Lebanon is currently on negative outlook at S&P Global Ratings
Lebanon’s sovereign ranking will probably be cut deeper into junk by S&P Global Ratings within days, putting its bonds into a category considered vulnerable to nonpayment as the country struggles to claw back enough foreign currency, according to Goldman Sachs Group Inc.
One of the world’s most indebted nations is on negative outlook at S&P, which is due to publish a review on Friday and currently rates Lebanon B-, six steps below investment grade and one notch higher than Moody’s Investors Service.
“The steady deterioration in Lebanon’s FX liquidity position indicates a likely downgrade to CCC,” Goldman analysts including Farouk Soussa said in a note last week. Issuers in the CCC category are deemed dependent on favorable conditions to make good on their debt.
To keep its lenders stable and defend the dollar peg, Lebanon relies on bank deposits, mainly from the millions of Lebanese living abroad, with the central bank using what it describes as “financial engineering” to keep up an inflow of hard currency.
While the latest such effort in late June may have helped to shore up foreign assets in reserves, deposit growth turned negative in May for the first time in more than a decade, according to Goldman Sachs.
What’s more, recent political tensions “threaten to derail the economic agenda and further depress appetite for Lebanese risk,” it said. The U.S. bank also lowered its forecast for Lebanon’s economic growth this year to 1 percent from 2.2 percent.
Investor worry about Lebanon’s prospects has played out in the market. Its credit risk, measured by credit-default swaps, has surged past 1,000 points for the first time ever in August.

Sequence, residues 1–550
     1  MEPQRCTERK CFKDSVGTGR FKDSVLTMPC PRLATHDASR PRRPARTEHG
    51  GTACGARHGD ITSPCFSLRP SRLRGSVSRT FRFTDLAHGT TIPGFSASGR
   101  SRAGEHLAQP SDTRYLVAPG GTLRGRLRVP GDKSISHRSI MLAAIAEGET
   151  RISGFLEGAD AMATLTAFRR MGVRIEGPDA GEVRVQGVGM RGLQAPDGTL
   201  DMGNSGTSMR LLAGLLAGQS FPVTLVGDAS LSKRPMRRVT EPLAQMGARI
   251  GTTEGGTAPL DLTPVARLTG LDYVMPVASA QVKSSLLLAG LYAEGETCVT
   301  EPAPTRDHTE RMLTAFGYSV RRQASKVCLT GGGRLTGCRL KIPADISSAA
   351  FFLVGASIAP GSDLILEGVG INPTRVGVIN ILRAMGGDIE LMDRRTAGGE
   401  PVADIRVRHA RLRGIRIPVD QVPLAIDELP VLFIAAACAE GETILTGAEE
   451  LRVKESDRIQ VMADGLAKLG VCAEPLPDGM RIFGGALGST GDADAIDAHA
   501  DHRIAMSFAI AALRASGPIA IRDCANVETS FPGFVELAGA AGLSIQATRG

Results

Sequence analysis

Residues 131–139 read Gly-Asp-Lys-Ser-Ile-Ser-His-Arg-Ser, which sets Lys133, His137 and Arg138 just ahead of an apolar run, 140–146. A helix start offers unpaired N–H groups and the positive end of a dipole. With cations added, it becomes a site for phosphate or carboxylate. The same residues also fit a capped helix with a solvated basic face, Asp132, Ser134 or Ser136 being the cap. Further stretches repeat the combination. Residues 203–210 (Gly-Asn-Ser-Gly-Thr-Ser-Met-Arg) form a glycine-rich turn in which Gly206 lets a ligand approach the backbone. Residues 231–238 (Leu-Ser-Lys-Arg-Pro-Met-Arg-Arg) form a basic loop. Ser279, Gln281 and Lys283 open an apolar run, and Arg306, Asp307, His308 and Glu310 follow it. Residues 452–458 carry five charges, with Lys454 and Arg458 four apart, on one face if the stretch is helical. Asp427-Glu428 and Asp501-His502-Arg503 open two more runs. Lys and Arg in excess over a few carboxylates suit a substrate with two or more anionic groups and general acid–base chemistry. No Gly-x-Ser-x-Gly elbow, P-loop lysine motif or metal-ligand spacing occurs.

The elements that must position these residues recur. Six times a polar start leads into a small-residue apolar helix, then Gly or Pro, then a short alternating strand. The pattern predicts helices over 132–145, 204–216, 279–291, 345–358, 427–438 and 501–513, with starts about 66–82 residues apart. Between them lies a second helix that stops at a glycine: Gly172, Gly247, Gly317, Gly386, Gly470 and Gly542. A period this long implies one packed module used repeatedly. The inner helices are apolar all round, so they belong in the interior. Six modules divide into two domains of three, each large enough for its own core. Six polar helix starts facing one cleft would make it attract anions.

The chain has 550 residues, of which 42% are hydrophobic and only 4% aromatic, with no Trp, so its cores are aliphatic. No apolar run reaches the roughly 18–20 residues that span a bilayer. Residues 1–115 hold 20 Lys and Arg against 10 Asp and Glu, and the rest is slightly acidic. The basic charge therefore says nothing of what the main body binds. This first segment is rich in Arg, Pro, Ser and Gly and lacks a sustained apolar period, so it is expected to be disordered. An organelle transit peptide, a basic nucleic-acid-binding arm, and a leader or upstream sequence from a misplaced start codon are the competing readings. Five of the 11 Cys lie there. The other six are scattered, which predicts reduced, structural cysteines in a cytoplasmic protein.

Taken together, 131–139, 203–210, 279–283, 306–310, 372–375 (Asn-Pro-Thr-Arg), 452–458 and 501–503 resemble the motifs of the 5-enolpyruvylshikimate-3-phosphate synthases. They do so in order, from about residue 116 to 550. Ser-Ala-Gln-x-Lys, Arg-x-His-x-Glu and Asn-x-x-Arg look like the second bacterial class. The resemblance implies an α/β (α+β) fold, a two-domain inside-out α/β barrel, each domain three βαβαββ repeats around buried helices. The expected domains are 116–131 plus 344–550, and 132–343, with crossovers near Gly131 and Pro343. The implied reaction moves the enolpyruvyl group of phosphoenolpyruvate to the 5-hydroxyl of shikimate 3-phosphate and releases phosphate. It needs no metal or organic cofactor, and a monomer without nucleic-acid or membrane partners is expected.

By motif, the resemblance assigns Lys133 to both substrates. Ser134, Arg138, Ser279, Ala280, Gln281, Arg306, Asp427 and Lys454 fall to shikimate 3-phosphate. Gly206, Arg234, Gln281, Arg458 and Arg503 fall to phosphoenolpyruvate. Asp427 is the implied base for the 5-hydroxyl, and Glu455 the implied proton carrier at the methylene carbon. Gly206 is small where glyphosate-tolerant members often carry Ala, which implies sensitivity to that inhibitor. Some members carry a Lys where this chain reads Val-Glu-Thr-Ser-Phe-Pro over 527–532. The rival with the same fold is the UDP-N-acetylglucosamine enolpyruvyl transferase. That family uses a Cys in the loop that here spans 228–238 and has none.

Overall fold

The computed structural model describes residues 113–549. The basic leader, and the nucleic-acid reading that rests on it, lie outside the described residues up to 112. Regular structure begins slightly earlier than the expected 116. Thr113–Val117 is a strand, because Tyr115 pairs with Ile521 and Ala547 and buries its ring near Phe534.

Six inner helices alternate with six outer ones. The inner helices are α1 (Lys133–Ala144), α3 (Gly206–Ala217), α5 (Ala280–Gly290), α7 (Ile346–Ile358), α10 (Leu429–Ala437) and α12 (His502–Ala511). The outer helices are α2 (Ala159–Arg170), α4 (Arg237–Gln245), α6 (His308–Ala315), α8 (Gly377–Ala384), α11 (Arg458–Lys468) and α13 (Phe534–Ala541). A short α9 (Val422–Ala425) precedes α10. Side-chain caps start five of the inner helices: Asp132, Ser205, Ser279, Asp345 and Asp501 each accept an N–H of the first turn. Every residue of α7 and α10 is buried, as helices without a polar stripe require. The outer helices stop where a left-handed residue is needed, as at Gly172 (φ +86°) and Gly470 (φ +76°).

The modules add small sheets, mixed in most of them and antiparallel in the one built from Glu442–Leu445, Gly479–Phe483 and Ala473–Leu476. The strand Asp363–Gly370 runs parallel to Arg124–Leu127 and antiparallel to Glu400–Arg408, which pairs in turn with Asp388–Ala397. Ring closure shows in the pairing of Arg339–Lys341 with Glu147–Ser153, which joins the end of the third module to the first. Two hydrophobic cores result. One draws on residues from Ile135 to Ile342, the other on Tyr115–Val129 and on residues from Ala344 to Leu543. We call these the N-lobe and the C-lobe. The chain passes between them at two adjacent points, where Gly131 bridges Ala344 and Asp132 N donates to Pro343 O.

The average extra yield investors demand to hold its debt over U.S. Treasuries also surpassed 1,000 basis points last week, the most in over a decade.
The International Monetary Fund projects Lebanon’s public debt burden will rise further to near 180% of economic output by 2023. Lebanon has never defaulted on its obligations.
When S&P cut Lebanon’s outlook to negative in March, it said the country’s rating could be lowered within the next year “if political stasis causes fiscal deficits to rise while banking system deposit inflows -- the government’s key funding source -- slow further.”
In July, Lebanon passed an overdue 2019 budget touted as the most austere in the country’s history in the hope of appeasing investors, donors and rating companies.
But the government headed by Prime Minister Saad Hariri has failed to convene since the end of June. A minister in the cabinet claims he was the target of assassination and is insisting, along with his allies, to refer the case to the judicial council. His opponents reject that idea. Efforts are underway to resolve the issue and resume work.
Political hurdles are nothing new to Lebanon but this time they could delay implementation of urgent fiscal and structural reforms. Lebanon’s average economic expansion hasn’t exceeded 1% in the past five years and is projected at 1.2 percent in 2019, according to the finance minister.
In June, central bank Governor Riad Salameh put growth at zero so far this year.